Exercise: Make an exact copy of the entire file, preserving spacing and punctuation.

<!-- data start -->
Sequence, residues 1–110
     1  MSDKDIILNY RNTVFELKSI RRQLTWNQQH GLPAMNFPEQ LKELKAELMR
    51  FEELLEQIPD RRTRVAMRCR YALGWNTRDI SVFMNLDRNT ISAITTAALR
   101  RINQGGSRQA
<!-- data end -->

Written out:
Sequence, residues 1–110
     1  MSDKDIILNY RNTVFELKSI RRQLTWNQQH GLPAMNFPEQ LKELKAELMR
    51  FEELLEQIPD RRTRVAMRCR YALGWNTRDI SVFMNLDRNT ISAITTAALR
   101  RINQGGSRQA